The Tullamarines fight hopelessness with radiant & anthemic ‘Television’

Blending saccharine guitar licks and tongue-in-cheek lyrics, The Tullamarines are Adelaide’s next great hope in the indie-bop arena, with a poignant message that floats across jangly guitars and insatiable rhythms.

Inspired by how powerless young adults feel in the “internet-age”, ‘Television’ is an anthem for the ‘zoomer’ generation; a group who are bombarded with bad news and political inaction, yet feel constantly unable to affect genuine change.

With this mutually shared eco-anxiety, frontman Angus Purvis took strength from those around him to pen a track, not just himself and fellow bandmates, but for those coming of age in 2022, feeling the effects of global instability, yet helpless to influence world leaders.
With ‘Television’ birthing as an instrumental demo from drummer Josh Thomas’ computer, the band combined during a writing session to sprinkle in input from all members, working to come closer to the final song heard today.

After a brief wrestle with verses and structure, guitarist Ben Waltho came in to practice one day with a new demo, perfected verses & the song was complete. The band headed to Forest Range Studios in the Adelaide Hills to track the single, roping in Holy Holy’s Oscar Dawson to fine tune the track through mixing & mastering.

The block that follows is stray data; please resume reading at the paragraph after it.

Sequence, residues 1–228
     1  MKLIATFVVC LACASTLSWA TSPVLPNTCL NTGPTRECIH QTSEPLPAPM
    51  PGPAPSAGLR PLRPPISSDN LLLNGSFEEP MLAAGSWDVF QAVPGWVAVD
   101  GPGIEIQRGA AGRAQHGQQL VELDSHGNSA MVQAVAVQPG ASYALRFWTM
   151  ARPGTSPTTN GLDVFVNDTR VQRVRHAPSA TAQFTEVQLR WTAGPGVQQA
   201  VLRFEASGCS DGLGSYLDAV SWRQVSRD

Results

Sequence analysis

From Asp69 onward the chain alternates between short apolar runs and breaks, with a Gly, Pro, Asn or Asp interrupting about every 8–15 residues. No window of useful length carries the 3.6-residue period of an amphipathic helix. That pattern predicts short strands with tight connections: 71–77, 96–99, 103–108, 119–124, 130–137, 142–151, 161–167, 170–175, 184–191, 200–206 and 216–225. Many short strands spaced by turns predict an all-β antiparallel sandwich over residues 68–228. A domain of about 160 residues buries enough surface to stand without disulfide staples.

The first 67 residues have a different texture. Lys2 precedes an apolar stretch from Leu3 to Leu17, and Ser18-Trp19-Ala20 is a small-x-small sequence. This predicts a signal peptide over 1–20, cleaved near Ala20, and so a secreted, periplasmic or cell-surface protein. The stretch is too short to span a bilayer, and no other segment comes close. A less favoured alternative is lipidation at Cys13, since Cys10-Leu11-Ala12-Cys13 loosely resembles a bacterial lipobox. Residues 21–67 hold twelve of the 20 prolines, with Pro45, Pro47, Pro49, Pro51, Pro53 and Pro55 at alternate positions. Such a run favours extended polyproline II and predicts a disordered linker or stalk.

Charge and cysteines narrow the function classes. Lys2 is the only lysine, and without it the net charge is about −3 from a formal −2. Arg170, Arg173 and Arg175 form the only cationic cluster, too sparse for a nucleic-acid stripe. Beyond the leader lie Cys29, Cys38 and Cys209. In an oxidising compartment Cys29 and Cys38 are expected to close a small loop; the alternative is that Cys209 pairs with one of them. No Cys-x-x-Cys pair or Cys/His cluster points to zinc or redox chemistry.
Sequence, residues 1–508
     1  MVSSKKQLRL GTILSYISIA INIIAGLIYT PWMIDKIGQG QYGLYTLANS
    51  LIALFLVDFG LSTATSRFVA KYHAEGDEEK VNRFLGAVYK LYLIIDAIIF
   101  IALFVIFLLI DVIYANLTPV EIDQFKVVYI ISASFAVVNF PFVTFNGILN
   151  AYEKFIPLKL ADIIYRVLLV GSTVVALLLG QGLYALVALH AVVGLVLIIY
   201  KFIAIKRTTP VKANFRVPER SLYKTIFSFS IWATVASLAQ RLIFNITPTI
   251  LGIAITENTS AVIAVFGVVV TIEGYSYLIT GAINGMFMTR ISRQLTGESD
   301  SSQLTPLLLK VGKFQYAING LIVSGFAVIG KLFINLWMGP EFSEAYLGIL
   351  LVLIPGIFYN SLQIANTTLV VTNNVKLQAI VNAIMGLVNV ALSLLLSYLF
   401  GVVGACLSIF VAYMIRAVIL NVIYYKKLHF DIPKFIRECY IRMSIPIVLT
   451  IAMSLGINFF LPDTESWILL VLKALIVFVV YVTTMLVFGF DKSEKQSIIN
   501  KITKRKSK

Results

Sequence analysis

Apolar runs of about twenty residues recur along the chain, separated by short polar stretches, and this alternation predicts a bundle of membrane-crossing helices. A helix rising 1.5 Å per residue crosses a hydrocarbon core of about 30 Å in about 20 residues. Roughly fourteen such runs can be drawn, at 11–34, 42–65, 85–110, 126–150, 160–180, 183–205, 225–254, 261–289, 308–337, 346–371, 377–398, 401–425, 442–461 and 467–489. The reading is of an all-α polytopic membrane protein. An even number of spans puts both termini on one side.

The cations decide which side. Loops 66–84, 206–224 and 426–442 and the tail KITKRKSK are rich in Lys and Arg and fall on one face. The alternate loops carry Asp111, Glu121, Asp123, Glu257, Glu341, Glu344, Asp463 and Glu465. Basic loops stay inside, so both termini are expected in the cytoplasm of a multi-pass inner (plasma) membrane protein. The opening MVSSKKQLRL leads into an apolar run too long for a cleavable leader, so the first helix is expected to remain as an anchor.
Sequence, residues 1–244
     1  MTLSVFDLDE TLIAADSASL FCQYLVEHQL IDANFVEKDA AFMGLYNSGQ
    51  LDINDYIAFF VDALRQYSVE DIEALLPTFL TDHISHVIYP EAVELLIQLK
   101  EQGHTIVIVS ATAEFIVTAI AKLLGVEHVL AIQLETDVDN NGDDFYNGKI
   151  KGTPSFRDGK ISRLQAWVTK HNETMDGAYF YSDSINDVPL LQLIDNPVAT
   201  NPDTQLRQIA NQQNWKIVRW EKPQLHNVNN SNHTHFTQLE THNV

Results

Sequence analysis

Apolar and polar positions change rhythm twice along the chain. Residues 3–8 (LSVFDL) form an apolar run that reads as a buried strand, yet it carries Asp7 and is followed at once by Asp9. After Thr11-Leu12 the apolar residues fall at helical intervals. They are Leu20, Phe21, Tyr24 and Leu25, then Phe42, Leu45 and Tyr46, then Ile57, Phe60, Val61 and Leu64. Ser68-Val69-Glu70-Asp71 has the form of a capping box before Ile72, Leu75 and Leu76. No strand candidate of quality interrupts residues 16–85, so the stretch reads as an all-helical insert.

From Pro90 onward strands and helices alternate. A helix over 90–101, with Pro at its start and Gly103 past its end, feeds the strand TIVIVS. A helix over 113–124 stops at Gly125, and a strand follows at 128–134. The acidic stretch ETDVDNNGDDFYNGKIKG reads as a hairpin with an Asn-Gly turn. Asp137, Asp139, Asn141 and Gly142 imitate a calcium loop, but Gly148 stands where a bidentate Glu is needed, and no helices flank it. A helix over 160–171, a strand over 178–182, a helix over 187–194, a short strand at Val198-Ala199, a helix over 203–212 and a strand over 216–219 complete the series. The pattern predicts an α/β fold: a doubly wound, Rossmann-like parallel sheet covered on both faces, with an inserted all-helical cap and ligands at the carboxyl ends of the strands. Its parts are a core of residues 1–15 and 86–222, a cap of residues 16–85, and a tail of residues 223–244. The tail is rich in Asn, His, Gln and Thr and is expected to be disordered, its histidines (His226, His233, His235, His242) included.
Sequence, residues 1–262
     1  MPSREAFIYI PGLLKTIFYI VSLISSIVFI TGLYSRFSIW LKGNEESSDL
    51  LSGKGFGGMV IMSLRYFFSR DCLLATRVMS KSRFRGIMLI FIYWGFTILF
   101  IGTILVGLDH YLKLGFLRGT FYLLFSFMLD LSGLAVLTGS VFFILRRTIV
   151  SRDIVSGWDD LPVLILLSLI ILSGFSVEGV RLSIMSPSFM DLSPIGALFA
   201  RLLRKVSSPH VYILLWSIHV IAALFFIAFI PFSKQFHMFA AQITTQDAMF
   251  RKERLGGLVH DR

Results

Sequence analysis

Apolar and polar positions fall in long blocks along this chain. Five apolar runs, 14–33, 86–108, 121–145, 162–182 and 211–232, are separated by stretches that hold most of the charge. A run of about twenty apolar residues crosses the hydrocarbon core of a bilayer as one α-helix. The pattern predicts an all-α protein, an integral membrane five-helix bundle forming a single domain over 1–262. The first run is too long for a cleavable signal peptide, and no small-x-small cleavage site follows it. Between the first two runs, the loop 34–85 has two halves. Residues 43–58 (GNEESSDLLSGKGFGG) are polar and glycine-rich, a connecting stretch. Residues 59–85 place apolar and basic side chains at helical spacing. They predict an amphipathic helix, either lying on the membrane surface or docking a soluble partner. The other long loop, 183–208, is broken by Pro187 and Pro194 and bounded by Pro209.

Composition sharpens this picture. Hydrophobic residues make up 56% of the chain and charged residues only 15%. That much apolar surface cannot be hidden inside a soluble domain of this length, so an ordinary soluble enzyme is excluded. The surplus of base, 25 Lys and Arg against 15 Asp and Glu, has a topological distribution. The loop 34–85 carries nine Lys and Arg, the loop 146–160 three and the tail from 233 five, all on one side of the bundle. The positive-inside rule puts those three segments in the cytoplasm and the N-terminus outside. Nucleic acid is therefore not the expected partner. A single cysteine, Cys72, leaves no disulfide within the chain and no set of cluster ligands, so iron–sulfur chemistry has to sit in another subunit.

“Television is a song about watching the world burn from the comfort of your bedroom. As members of the ‘zoomer’ generation it’s easy to feel completely hopeless for the future. Being constantly bombarded with information from the moment we wake up to the second we fall asleep and watching our world leaders actively avoid action is truly terrifying.

We often feel powerless to do anything besides sharing a post or signing a petition, actions with a seemingly minimal impact that perhaps only serve to make us feel better in the moment. We really wanted to write a song about this eco-anxiety we all face everyday, thus birthing television.”
Angus Purvis, The Tullamarines

The song started as an instrumental demo that Josh had been playing around with on his computer. We jammed it during a songwriting session adding some of everyone’s flavors to it , but the form was so strong it stayed largely the same. We were wrestling with those verses for what felt like forever until Benny rolled into practice an hour late one day with a brand new demo. He played it for us and about ten seconds into that first verse the rest of us just looked at each other with a universal ‘yep!’ and the song was done”
Angus Purvis, The Tullamarines